As Western leaders meet in London to mark 70 years since Nato’s foundation, the future of the Alliance is the subject of fierce debate.
Emmanuel Macron has stirred things up with his recent comments about Nato’s “brain death” – a claim that has been flatly rejected by Angela Merkel. The German Chancellor told the Reichstag last week that “the preservation of Nato is in our fundamental interest, even more so than during the cold war” and that “Europe can’t defend itself on its own”.
Merkel is undoubtedly right, but she must acknowledge that both hers and Macron’s governments are guilty of undermining the alliance. Research from James Rogers of the Henry Jackson Society shows that France and Germany, along with Italy, Belgium, and Spain, are part of a group of 20 “shirkers” who have not met the commitment to spend 2% of GDP on defence. Had they done so, it would have meant an additional $504 billion for our collective defence.
That makes it particularly galling that Macron should criticise the organisation itself, or indeed the US, whose heavy spending continues to underwrite Europe’s defence.
Britain, on the other hand, along with the US, Greece, and others, is surpassing the commitment, and the Conservatives have pledged to carry on doing so. Though they have dropped Theresa May’s manifesto commitment to maintain the overall size of the military – a target which was missed due to severe recruitment issues caused by outsourcing – Boris Johnson has insisted it will not be cut. Nonetheless, they should be going further.
Army numbers are always been a hot topic in the debate about defence, but claims that the Governments wants to downsize simply to save money are misleading. The debate between having a smaller, more agile force or a larger, less mobile one is not new, and will only continue as new challenges arise. Among these, according to the 2015 National Security Strategy, is the risk that an emboldened Russia could start offensive operations against Nato states in Eastern Europe.
That makes the position of the current Labour leadership particularly worrying. It is not hyperbole to point out that Jeremy Corbyn has spent his entire career railing against Nato and backing up enemies of the West. In a speech last Sunday he spoke about Nato needing to “reduce tensions” and “de-escalate conflict with Russia”, as though the Alliance is responsible for Vladimir Putin’s aggression. Labour’s stance has all the hallmarks of Corbyn’s communications chief, Seumas Milne, whose back catalogue includes this extraordinary piece blaming Nato and the Ukrainian government for the annexation of Crimea.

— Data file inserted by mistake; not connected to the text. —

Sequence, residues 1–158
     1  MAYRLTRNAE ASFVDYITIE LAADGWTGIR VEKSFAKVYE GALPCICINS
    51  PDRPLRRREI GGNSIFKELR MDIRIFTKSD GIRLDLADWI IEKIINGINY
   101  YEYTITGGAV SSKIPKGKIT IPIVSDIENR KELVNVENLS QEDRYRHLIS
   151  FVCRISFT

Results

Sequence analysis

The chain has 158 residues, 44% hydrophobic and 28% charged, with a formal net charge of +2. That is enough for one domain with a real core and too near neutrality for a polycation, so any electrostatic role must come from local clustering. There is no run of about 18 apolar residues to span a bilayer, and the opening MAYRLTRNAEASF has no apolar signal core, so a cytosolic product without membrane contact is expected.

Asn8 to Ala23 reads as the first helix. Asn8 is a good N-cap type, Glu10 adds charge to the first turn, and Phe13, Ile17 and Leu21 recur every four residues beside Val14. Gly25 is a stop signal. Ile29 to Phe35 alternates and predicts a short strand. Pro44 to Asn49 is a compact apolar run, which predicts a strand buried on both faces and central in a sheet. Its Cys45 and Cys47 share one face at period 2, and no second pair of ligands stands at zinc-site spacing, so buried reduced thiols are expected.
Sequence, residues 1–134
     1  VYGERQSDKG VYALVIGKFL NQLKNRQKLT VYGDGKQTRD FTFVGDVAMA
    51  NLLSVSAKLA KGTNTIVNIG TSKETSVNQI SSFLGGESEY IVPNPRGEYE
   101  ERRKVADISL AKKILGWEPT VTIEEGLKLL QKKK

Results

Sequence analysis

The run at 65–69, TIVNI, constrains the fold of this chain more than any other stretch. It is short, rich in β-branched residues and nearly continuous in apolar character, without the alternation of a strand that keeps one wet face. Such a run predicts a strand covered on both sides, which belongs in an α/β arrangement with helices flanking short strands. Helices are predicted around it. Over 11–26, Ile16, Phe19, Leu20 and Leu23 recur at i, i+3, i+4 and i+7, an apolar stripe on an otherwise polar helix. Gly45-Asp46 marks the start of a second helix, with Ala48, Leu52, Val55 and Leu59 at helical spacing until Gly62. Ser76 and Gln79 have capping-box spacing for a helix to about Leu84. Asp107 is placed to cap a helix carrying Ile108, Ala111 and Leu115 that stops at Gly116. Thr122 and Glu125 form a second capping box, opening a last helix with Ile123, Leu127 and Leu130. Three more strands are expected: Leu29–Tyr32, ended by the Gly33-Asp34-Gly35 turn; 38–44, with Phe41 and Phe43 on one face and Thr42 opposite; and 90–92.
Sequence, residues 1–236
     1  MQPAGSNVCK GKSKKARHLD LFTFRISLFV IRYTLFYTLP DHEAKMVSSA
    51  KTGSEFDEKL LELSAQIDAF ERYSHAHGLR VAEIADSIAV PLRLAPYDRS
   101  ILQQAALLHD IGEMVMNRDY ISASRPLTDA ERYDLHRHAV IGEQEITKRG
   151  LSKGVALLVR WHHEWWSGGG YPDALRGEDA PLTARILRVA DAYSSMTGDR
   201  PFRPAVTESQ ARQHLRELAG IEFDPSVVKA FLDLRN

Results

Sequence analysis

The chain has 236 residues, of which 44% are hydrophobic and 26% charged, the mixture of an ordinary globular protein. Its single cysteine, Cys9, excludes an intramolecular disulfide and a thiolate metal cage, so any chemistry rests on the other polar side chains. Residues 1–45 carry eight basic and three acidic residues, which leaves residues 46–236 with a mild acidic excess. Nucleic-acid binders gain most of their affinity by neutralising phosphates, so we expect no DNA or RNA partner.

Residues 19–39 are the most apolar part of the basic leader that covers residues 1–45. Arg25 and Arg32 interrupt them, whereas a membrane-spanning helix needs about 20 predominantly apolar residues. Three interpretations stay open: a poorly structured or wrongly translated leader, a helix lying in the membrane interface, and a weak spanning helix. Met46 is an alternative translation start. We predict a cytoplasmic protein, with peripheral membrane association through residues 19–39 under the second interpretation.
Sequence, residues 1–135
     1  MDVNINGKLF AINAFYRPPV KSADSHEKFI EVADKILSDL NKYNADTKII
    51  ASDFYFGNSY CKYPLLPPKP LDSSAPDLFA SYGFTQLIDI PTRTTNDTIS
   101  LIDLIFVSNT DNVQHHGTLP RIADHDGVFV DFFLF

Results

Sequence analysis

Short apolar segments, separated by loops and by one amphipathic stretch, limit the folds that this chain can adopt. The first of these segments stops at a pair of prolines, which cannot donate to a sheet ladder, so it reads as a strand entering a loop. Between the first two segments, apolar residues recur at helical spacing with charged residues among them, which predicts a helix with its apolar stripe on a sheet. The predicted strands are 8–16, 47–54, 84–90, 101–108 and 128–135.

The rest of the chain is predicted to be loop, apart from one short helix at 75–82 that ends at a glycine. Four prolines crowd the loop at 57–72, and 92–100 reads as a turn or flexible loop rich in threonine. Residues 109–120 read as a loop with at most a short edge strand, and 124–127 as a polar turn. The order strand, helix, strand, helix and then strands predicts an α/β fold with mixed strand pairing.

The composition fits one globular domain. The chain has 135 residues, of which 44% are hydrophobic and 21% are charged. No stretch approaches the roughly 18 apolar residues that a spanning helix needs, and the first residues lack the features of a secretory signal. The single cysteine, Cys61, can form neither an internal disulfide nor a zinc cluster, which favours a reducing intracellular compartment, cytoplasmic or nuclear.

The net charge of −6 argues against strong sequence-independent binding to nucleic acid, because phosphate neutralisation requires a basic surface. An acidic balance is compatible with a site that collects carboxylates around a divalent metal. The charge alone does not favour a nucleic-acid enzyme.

Great power politics
Three decades after the fall of the Berlin Wall, we are seeing a return of great power competition in areas such as space and cyber warfare. But more conventional threats are re-emerging too, and Britain must be prepared for them.
The Royal United Services Institute has argued that the Army needs to prioritise upgrading its “critical shortage” of artillery capability which undermines its conventional deterrence, and that Britain, which is at the forefront of Baltic defence, should have an expansive strategy of a ‘Wider North’, linking the security of Baltic allies to that of Nordic ones to more effectively balance against Russia.
Should the Conservatives return to Parliament and see through our exit from the EU, Britain’s leadership in Nato will become an increasingly valuable national asset. The EU’s attempts to create an alternative defence force have amounted to little – however much some Brexiteers may worry, a ‘European Army’ is simply not on the table. The real problem is that chronic European free-riding means much of the EU is reliant on Britain for its security.
If Johnson does win, his new government would do well to emphasise the importance of Nato and the work it does in deterring Russia, combating terrorism, and projecting stability. Countries such as Greece and Latvia, which do hit the 2% target,. clearly see its value, probably because they are among the nations vulnerable to a variety of security threats. While France and Germany continue to argue among themselves while avoiding paying their fair share, others will look to Britain for leadership in this area.
Remember, after, that it was Britain which was instrumental in setting up Nato. As we enter the Alliance’s eighth decade, the next British government must continue to demonstrate international leadership and renew Nato’s impetus by encouraging others to stop free-riding, and by formulating a bold foreign policy based on defending our interests, values, and allies.
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